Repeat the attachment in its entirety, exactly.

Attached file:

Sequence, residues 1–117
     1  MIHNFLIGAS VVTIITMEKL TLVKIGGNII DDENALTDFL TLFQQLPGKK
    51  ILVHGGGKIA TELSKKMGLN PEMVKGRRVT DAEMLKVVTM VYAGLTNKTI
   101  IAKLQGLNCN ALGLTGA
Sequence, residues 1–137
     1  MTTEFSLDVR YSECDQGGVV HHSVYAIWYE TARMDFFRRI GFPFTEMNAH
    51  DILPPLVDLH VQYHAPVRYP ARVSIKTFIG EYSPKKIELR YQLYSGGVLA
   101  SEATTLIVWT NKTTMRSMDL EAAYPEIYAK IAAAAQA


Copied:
Sequence, residues 1–117
     1  MIHNFLIGAS VVTIITMEKL TLVKIGGNII DDENALTDFL TLFQQLPGKK
    51  ILVHGGGKIA TELSKKMGLN PEMVKGRRVT DAEMLKVVTM VYAGLTNKTI
   101  IAKLQGLNCN ALGLTGA
Sequence, residues 1–137
     1  MTTEFSLDVR YSECDQGGVV HHSVYAIWYE TARMDFFRRI GFPFTEMNAH
    51  DILPPLVDLH VQYHAPVRYP ARVSIKTFIG EYSPKKIELR YQLYSGGVLA
   101  SEATTLIVWT NKTTMRSMDL EAAYPEIYAK IAAAAQA